James v. Marion Arkansas, City of et al
ORDER granting in part and denying in part 15 Motion for Summary Judgment. The motion is granted as to the City of Marion and Chief Wheeless in his official capacity. The motion is denied as to Chief Wheeless in his individual capacity. Signed by Judge James M. Moody Jr. on 9/30/2015. (jak)
IN THE UNITED STATES DISTRICT COURT
EASTERN DISTRICT OF ARKANSAS
THE CITY OF MARION, ARKANSAS and
WOODY WHEELESS (individually and in his
official capacity as Chief of the Marion
Pending is the Motion for Summary Judgment filed by the City of Marion, Arkansas and
Woody Wheeless Individually and in His Official Capacity as Chief of the Marion Fire
Department. The motion has been fully briefed by the parties. For the reasons set forth below, the
Motion is granted in part and denied in part.
Plaintiff Keith James was hired as a volunteer firefighter at the Marion Fire Department for
the city of Marion, Arkansas in May 2001. During Plaintiff’s tenure as a volunteer firefighter,
Robert Blake was the Captain and Woody Wheeless was the Chief of the Marion Fire Department.
In 2011, Plaintiff applied for the position of Captain at the Fire Department. Chief Wheeless
named another individual as the Captain in October 2011. When Plaintiff asked Chief Wheeless
why he was not selected for the position, Chief Wheeless stated that Plaintiff needed to “be more
aggressive on interior firefighting.” (Pl. Dep. ECF No. 26-1 at p. 9).
In 2012, Chief Wheeless campaigned for and was elected to the position of Crittenden
County Judge. The positions of Fire Chief and County Judge were part-time positions. On August
21, 2012, Plaintiff and other members of the Fire Department held a meeting with Chief Wheeless
to discuss a perceived lack of structure and leadership at the Fire Department. The participants
discussed whether the Chief position should be changed to a full-time position and, if so, whether
Chief Wheeless would be able to serve in the position. One week later, Captain Robert Blake
invited Plaintiff to attend a meeting with the Mayor of Marion, the Fire Commission Head, and a
City Council member to discuss complaints about Chief Wheeless, safety of the firefighters, safety
of the citizens and their property. (Pl. Dep. ECF No. 26-1 at p. 12-13). Plaintiff stated during the
meeting that the Chief’s attendance at biweekly drill meetings was very poor and he was concerned
about the lack of supervision for the full-time firefighters. Id. at 13-14.
On August 30, 2012, Chief Wheeless contacted Plaintiff and asked to meet him at the fire
station. At this meeting, Chief Wheeless terminated Plaintiff from his position as a volunteer
firefighter for the City of Marion. According to Plaintiff, Chief Wheeless indicated that he was
terminating Plaintiff because they were not seeing eye and eye and because of his call response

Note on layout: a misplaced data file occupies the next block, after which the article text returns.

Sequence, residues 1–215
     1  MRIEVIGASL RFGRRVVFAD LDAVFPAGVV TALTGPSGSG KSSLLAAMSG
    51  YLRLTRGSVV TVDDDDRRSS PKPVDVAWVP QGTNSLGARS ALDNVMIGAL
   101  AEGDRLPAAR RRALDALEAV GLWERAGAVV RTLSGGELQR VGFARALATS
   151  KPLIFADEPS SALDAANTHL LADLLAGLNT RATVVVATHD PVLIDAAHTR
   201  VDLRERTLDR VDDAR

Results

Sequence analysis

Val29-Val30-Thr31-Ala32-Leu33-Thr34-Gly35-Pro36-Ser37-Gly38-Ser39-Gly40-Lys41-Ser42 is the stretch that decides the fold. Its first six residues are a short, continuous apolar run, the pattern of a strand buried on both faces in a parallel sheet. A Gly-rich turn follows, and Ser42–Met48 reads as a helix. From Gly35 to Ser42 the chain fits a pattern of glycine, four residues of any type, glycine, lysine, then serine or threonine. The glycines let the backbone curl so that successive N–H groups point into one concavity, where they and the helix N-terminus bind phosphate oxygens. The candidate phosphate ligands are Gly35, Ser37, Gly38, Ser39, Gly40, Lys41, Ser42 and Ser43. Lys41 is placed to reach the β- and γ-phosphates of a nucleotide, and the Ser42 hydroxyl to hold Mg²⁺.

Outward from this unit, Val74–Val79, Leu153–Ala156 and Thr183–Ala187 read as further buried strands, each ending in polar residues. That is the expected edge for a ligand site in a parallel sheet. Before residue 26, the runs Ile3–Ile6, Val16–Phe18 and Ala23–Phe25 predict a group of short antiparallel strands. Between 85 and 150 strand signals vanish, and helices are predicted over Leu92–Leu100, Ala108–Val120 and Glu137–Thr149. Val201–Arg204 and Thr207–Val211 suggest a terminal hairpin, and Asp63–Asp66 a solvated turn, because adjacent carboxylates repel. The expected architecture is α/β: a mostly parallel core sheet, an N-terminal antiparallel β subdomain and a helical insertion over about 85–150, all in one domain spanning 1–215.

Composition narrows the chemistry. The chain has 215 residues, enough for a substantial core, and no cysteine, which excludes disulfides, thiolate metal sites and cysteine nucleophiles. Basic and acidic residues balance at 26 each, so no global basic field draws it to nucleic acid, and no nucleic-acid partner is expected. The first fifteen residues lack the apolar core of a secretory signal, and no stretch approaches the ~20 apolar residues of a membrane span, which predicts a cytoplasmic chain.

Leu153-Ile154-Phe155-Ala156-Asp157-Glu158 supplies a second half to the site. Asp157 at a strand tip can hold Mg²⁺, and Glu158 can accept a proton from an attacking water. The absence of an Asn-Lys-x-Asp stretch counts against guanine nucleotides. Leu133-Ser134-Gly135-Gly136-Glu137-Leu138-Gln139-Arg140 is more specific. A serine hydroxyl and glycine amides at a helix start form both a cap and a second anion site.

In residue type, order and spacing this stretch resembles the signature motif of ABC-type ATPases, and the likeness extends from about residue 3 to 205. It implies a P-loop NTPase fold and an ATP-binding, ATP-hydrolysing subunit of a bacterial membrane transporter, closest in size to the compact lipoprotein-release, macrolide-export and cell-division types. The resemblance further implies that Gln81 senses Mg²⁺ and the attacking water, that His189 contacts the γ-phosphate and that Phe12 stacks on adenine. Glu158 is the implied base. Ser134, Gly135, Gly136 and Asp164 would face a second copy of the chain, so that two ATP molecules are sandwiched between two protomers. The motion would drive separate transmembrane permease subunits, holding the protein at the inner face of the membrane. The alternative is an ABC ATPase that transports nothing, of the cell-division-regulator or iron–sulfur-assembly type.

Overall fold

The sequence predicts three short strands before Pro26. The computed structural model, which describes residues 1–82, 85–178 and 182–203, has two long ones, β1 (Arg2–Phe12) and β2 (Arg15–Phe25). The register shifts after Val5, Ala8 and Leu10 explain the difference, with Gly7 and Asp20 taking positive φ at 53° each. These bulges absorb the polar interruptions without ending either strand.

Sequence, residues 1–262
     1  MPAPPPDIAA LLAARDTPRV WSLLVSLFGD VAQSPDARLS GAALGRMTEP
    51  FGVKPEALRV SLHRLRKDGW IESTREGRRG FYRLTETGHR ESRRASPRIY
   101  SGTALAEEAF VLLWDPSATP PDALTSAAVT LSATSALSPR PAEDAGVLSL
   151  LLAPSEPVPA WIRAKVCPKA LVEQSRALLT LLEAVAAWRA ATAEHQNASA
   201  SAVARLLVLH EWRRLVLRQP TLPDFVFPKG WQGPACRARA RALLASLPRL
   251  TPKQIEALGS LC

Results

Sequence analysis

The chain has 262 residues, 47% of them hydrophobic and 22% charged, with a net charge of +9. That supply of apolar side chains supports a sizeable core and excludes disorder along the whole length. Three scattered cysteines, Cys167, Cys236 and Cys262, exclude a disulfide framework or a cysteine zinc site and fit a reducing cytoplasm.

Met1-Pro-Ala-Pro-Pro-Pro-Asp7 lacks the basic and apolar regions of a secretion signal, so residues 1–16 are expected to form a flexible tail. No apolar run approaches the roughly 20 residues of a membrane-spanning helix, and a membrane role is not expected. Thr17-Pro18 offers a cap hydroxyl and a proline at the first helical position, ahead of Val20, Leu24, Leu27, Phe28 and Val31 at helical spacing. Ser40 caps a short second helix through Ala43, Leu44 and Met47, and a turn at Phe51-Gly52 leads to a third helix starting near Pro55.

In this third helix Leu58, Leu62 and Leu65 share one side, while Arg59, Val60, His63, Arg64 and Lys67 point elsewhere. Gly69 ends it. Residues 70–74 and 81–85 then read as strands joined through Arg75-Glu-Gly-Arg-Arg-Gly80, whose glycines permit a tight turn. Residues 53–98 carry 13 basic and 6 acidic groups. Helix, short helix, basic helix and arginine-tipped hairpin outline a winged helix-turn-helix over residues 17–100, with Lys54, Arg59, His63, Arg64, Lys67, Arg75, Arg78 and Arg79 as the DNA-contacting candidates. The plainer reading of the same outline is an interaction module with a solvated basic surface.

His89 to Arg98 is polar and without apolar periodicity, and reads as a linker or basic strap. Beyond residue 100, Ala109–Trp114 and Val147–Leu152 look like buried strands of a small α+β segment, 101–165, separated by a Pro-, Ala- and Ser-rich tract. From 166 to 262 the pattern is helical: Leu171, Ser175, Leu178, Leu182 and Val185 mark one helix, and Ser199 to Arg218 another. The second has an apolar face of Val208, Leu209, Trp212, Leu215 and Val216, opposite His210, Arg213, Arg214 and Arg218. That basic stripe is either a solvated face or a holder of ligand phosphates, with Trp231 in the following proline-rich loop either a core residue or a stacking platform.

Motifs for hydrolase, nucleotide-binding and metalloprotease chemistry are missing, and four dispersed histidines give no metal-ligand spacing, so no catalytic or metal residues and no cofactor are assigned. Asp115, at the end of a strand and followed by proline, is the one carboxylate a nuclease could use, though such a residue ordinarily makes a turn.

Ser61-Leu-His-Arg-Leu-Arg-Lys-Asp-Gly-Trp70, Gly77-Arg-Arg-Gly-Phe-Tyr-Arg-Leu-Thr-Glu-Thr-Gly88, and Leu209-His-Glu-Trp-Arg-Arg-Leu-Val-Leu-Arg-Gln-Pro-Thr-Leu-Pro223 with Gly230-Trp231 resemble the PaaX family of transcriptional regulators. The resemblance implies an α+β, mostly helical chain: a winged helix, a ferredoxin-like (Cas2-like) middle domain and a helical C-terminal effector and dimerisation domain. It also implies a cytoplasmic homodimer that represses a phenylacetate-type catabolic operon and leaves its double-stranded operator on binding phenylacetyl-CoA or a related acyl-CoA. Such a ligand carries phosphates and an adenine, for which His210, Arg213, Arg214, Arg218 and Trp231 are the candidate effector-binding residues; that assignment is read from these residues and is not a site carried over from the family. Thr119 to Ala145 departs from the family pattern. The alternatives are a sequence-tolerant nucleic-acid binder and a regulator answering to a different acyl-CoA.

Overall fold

percentages. (Pl. Dep. ECF No. 26-1 at p. 20). Plaintiff filed suit against the City of Marion and
Chief Wheeless on May 28, 2013 for violation of 42 U.S.C. § 1983. Plaintiff alleges that the
Defendants retaliated against him by terminating him for exercising his First Amendment rights.
Standard for Summary Judgment
Summary judgment is appropriate only when there is no genuine issue of material fact, so
that the dispute may be decided solely on legal grounds. Holloway v. Lockhart, 813 F.2d 874 (8th
Cir. 1987); Fed. R. Civ. P. 56. The Supreme Court has established guidelines to assist trial courts
in determining whether this standard has been met:
The inquiry is the threshold inquiry of determining whether there is
a need for trial -- whether, in other words, there are genuine factual
issues that properly can be resolved only by a finder of fact because
they may reasonably be resolved in favor of either party.
Anderson v. Liberty Lobby, Inc., 477 U.S. 242, 250 (1986).
The Eighth Circuit Court of Appeals has cautioned that summary judgment should be
invoked carefully so that no person will be improperly deprived of a trial of disputed factual issues.
Inland Oil & Transport Co. v. United States, 600 F.2d 725 (8th Cir. 1979), cert. denied, 444 U.S.
991 (1979). The Eighth Circuit set out the burden of the parties in connection with a summary
judgment motion in Counts v. M.K. Ferguson Co., 862 F.2d 1338 (8th Cir. 1988):
[T]he burden on the moving party for summary judgment is only to
demonstrate, i.e., ‘[to] point out to the District Court,’ that the record
does not disclose a genuine dispute on a material fact. It is enough
for the movant to bring up the fact that the record does not contain
such an issue and to identify that part of the record which bears out
his assertion. Once this is done, his burden is discharged, and, if the
record in fact bears out the claim that no genuine dispute exists on
any material fact, it is then the respondent’s burden to set forth
affirmative evidence, specific facts, showing that there is a genuine
dispute on that issue. If the respondent fails to carry that burden,
summary judgment should be granted.
Id. at 1339. (quoting City of Mt. Pleasant v. Associated Elec. Coop., 838 F.2d 268, 273-274 (8th
Cir. 1988) (citations omitted)(brackets in original)). Only disputes over facts that may affect the
outcome of the suit under governing law will properly preclude the entry of summary judgment.
Anderson, 477 U.S. at 248.
Analysis of the Law
Plaintiff sufficiently pled a First Amendment retaliation cause of action in his Complaint.
To establish a prima facie case of unlawful retaliation for protected speech, a plaintiff must allege
and prove that: (1) he engaged in activity protected by the First Amendment; (2) the defendant took
an adverse employment action against him; and (3) the protected conduct was a substantial or